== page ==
THE SEDUCTIVE appeal of violent role models was recently underscored in an essay by Harold Jackson in The Sun's Perspective section. Mr. Jackson, an Evening Sun editorial writer, wrote: "Young black men who want to be accepted as gang members try so hard to fit the mold that they don't see the strangulating limits of the stereotype they have decided to accept."
Of course, violent stereotypes are hardly limited to black men, as the popularity of such superstars as Arnold Schwarzenegger and Sylvester Stallone readily attests.
But what is so troubling today is the way the mass media stimulate the need for violent personas, with models so vicious and sexually explicit that they make the X-rated products of even a few years ago seem tame by comparison. And the ante just keeps going up.
Media defenders insist they don't create these stereotypes; they merely add spice to what they find in reality. They call it "creative license." Besides, we've always survived their occasional excesses, so what's the big deal now?
The big deal now, of course, is that the mass media have a virtual lock on our collective consciousness, and providing the "materials and suggestions of personality" has become very big business.
To imply -- as some do -- that there is little difference between the impact of some 19th century gazette which touted the six-gun violence of Billy the Kid, and the high-tech barrage of "Terminators," Die Hards" and "gangstas" being pumped into our psyches today, is not only disingenuous but ludicrous.
When Sen. Bob Dole recently attacked the entertainment industry for all its wrong-headedness and hypocrisy, it resonated with many Americans because they believe the media have lost all sense of restraint in their single-minded pursuit of profit. And even if they aren't directly responsible for all the violence and sexual mayhem that mark the contemporary landscape, they worsen these problems by exploiting them and by desensitizing us to their corrosive effects.
Even a film like "Natural Born Killers," which contained a powerful anti-violence, anti-media message, cannot be absolved. For its graphic depictions of bloody gore were no different than any found in lesser films, which made no pretense at all to social statement.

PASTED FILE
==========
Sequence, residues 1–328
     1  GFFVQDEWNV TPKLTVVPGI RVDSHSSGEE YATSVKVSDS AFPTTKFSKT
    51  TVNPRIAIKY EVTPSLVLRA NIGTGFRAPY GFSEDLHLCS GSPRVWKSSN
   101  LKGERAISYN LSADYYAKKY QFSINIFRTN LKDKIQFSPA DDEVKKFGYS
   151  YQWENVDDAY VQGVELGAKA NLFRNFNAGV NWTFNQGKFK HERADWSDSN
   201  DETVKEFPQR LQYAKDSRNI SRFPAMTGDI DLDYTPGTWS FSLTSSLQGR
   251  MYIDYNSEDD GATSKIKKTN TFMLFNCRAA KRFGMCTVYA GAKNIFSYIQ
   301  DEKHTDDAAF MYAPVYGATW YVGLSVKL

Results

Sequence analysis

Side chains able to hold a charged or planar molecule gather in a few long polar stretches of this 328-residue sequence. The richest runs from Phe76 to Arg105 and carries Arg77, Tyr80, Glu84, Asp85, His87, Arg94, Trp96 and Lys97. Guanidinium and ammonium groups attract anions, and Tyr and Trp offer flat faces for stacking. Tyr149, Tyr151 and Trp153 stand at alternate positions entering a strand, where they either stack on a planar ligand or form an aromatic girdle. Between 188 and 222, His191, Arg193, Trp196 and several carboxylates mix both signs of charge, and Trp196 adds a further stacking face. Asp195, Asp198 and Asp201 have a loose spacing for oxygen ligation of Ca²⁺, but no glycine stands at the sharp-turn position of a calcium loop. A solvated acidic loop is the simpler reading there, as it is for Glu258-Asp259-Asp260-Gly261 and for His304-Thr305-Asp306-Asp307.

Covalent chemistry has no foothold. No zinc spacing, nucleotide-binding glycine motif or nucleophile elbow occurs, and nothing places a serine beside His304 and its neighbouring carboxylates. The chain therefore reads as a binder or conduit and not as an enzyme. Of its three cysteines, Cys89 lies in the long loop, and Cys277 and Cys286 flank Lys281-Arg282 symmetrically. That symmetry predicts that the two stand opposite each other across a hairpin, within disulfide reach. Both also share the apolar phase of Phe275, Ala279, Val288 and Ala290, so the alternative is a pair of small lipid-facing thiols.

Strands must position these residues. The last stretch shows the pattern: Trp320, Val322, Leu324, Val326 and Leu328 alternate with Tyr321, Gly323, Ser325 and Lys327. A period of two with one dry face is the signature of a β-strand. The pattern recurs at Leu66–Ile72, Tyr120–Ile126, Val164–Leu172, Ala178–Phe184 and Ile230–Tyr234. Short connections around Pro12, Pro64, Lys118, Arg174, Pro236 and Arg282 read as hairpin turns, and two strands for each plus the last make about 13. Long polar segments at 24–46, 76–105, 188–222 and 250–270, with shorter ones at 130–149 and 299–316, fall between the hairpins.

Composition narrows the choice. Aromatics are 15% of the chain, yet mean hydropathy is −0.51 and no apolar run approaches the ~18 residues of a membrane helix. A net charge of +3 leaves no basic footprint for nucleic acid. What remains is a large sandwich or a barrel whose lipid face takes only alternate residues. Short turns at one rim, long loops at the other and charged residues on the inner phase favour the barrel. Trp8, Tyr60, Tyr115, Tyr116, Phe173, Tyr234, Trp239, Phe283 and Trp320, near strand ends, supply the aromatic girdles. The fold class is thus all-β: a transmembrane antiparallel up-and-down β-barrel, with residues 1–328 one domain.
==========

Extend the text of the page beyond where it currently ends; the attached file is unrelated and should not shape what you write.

Perhaps it's unfair to isolate a film's offensive images from their larger context, but that is exactly what moviegoers do while munching their popcorn. If Harold Jackson is right, some of them are trying so hard to fit a violent mold that they are focused solely on those "suggestions of personality," which address their single-minded need, remaining oblivious to any larger context, even if one exists.
This little psychological fact is one that media representatives avoid like the plague, for they know that they are providing some very negative suggestions to some very impressionable moviegoers.
Thus our dilemma: On the one hand, violent stereotypes, like all stereotypes, do influence behavior. On the other hand, we can't just start placing limits on the freedom of expression because some violence-prone individuals are getting nasty ideas from what they see and hear.
Or can't we?
Up to now, the dilemma has worked to the advantage of media moguls, who reap huge profits from their debased products, all the while issuing high-minded pronouncements about the sanctity of the First Amendment.
Some of us may be offended, they admit, but that's the price we have to pay for a free and open society.
It is their most compelling argument. But their failure of social responsibility is undermining the very freedom and openness they claim to stand for, because more and more of us are beginning to think the price has become too high.
And just as we've come to accept random police sweeps to rid our streets of guns and drugs, so are we becoming more open to censorship of the media. We want to rid ourselves of the images we perceive to be contributing to moral decline.
We hardly blink anymore when Michael Jackson grabs his crotch on MTV. But when 7-year-olds do it in class -- and get huffy because their teacher calls them on it -- you know something is wrong.
Howard Bluth writes from Baltimore.